2019 Stories of the Year: Concord’s changing retail face

  • Stephanie C. Alicea, the Capital City Charter School’s founder and head in the library of the school at the Steeplegate Mall is looking forward to expanded the school to include high school students. GEOFF FORESTER

  • Samantha Clattenburg and her mother Denise Clattenburg, who both worked at the North Main Street Friendly's Ice Cream for a combination of over 40 years, talk about their experiences waitressing on Thursday, October 17, 2019. The restaurant will be closing this Sunday. GEOFF FORESTER

  • Friendly's Ice Cream server Shana Miller and former server Denise Clattenburg (right) talk about the restaurant on Oct. 17. Clattenburg worked at the North Main Street restaurant for more 20 years and Miller will be moving over to the Loudon Road franchise but is sad that this one closed. GEOFF FORESTER / Monitor file

  • Mall walkers pass the The Zoo Health Club business office in the Steeplegate Mall on April 26. Monitor file

  • Mall walkers pass in front of the sign for both The Bon Ton and the new Zoo Health Club which is scheduled to open in June at the Steeplegate Mall in Concord. GEOFF FORESTER

  • Paul Foskitt, owner of True Confections Candies & Gifts, relocated his business out of the Steeplegate Mall and onto Loudon Road this year. Caitlin Andrews / Monitor file

  • The Sears store in Steeplegate Mall, Concord, Nov. 6, 2019. David Brooks

Monitor staff
Published: 12/25/2019 3:28:35 PM

That small-town feel that seemed to protect Concord from some nasty national retail trends continued to fade in 2019 as some of the city’s longtime businesses gave way.

But in that void, the city saw some retail revival this year with new shops, restaurants and some “destination” businesses opening up.

One of the recent blows came last month when long-suffering Sears announced it was shuttering its store at the Steeplegate Mall near the end of the year. Sure, the ailing retailer had closed droves of stores across the country for years, but Concord’s kept staying open like a beacon for loyal Craftsman buyers.

Likewise, Friendly’s had been shutting down the griddles at restaurants all across New England, but not here. The Capital City boasted not one, but two Friendly’s. They had the same menu, but staff and customers said the two eateries had different flavors because of the unique clientele.

Then in October, the Friendly’s on North Main Street abruptly announced it was closing, leaving longtime regulars like Denise Clattenburg just enough time to come in for one last bite to eat.

Clattenburg worked there for 21 years and said it was a great place for single moms to make a living.

“I raised three great kids working here. I bought a house with part-time pay. I got a double PhD in people skills,” she said days before it closed. “I met and kept friends that have lasted a lifetime.”

After the Monitor wrote about Friendly’s closing, Clatterburg clamored to get extra copies of the paper. The restaurant was such a part of her life, she wanted to be buried with the article, she said.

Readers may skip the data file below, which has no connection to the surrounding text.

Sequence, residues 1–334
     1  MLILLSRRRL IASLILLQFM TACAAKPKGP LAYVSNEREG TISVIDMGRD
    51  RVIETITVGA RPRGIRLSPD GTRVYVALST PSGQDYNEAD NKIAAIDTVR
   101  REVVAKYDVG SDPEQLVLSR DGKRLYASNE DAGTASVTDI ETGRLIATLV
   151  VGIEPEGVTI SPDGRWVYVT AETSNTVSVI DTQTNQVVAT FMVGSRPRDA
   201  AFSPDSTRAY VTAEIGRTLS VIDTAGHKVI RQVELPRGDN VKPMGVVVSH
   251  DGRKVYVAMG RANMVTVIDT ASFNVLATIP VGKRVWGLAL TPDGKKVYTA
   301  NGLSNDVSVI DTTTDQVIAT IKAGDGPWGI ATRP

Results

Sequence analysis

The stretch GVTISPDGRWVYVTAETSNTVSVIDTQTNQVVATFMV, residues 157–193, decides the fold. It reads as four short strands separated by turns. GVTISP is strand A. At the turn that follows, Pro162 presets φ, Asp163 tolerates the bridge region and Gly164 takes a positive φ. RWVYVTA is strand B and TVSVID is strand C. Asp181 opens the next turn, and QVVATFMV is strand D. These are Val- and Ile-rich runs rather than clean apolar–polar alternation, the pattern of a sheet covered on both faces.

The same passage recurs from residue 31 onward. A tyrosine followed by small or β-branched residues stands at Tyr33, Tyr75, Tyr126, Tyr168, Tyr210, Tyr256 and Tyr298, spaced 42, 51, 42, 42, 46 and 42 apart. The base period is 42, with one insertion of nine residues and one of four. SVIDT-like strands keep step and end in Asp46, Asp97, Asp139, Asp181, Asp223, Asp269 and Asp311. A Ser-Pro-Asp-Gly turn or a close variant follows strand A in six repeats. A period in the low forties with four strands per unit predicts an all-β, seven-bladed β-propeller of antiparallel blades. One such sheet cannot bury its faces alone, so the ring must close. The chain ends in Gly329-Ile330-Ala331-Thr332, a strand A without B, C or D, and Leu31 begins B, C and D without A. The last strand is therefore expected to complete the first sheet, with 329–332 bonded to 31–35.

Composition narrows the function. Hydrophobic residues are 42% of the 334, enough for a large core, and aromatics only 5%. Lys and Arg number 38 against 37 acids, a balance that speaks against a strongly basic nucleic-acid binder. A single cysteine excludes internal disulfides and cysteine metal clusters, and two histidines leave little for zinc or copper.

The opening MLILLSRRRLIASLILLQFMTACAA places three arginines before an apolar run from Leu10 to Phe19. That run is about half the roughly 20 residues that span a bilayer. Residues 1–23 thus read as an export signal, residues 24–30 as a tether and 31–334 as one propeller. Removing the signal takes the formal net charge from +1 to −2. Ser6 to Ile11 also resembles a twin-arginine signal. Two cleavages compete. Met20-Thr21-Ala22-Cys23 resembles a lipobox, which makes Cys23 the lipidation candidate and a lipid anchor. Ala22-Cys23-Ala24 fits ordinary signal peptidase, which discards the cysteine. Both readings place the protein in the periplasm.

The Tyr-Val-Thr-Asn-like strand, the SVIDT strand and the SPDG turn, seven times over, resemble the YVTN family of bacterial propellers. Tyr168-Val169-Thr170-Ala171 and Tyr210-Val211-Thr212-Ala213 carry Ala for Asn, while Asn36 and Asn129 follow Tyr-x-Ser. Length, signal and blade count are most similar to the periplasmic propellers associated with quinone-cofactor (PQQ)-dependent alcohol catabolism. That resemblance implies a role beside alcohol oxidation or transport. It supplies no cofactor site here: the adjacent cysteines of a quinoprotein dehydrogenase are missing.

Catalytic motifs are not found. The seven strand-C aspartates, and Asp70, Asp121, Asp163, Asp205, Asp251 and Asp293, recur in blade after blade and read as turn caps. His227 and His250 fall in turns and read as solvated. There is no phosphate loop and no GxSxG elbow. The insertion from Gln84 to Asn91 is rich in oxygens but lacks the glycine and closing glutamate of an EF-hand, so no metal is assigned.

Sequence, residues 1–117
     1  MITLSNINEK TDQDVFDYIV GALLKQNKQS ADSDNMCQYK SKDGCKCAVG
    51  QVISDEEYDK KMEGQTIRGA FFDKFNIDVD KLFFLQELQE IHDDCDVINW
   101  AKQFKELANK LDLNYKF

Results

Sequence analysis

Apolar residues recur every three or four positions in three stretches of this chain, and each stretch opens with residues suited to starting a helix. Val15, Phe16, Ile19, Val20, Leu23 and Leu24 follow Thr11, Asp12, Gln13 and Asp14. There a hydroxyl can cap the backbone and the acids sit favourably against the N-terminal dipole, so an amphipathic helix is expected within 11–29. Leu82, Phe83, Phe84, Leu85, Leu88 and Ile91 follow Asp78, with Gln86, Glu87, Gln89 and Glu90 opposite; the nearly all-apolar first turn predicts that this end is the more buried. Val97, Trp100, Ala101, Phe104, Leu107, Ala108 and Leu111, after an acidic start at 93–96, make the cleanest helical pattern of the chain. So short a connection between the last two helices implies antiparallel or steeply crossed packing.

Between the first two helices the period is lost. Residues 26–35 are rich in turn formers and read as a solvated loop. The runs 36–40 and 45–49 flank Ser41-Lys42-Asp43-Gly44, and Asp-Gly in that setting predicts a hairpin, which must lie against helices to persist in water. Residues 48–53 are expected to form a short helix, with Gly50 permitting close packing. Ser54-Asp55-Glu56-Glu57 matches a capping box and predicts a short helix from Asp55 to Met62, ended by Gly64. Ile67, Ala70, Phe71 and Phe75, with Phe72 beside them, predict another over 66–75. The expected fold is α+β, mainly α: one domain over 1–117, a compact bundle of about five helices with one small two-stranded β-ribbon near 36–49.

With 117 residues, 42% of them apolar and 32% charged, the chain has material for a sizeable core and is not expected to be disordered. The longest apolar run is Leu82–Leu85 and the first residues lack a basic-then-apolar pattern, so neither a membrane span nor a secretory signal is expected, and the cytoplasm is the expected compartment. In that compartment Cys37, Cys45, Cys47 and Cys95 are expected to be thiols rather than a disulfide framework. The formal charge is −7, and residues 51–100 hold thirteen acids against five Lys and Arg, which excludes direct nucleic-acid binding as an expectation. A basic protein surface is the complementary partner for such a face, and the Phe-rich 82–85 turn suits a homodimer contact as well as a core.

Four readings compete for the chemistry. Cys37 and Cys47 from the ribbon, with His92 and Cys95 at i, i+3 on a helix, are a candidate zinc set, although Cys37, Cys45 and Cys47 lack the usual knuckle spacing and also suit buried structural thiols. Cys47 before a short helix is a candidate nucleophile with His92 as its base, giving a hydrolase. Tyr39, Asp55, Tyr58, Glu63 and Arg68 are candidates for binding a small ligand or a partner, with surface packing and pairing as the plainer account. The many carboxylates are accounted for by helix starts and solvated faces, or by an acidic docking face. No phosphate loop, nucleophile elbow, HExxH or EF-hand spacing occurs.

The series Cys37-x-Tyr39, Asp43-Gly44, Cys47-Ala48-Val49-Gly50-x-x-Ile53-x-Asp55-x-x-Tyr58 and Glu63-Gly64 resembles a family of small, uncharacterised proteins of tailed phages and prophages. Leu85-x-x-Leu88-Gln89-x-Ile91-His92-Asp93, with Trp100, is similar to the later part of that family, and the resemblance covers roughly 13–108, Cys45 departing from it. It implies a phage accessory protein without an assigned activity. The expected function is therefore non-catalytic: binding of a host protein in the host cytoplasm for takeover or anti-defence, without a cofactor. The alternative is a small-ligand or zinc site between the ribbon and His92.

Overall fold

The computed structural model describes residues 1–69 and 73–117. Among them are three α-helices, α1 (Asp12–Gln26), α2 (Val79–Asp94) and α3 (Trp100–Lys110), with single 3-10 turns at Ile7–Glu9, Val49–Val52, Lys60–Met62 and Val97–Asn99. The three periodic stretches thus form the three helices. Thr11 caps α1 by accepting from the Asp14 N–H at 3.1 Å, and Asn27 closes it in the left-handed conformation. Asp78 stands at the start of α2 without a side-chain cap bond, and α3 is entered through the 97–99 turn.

And if that wasn’t a sour enough pill to swallow, chew on this: True Confections Candies & Gifts, which had been in the mall for 27 years, called it quits this summer and moved the shop down to 211 Loudon Road, near Goodwill.

Owner Paul Foskitt said the mall’s owners were unwilling to give him the same low rates it was offering new tenants, so he reluctantly decided to leave.

But all is not bleak at the mall.

The Zoo Health Club opened in a portion of the former Bon Ton store this summer, occupying 40,000 square feet of the former anchor tenant’s space. It was the club’s third location in the state and featured 24-hour access, high-end equipment, and a smoothie bar.

Just next door, the Capital City Charter School is looking to expand this year adding grades 10 though 12 to the cadre of sixth through ninth graders already educated there. Founder Stephanie Alicea started the school in 2018 with a focus on learning through community service.

“The concept of the school is new and different, and parents and students have to be willing to come in with an open mind. They have to understand the models of service-learning,” she said.

The growth additions continue the mall’s transformation to more “experienced-based” tenants, including the existing Altitude Trampoline Park and Hatbox Theatre.

Away from the mall, an old goat got new life on Hall Street. Emin and Nina Mujakobic, the former owners of the Crazy Goat Tavern on North Main Street opened a new eatery called Nina’s Bistro at the former Sandwich Depot.

The downtown building that used to house the Crazy Goat was bought by Bangor Savings Bank, which plans to turn one portion into its first downtown branch, while refurbishing and leasing out the rest.

Farther down Main Street, the Crust and Crumb bakery expanded to create more seating for customers, and a much bigger kitchen, allowing owner Alison Ladman to offer espresso drinks, grab-and-go sandwiches and more savory food items to the menu.

A few doors down, the Crepe Escape was not so lucky. It suffered the same fate as its predecessor The Little Creperie and closed the same year it opened.

Last but not least, fans of home-cooked breakfast and lunch fare were tickled when the Newell Post opened a downtown location at 58 N. Main St. Rebranded as just The Post, the restaurant is open 7 a.m. to 3 p.m.

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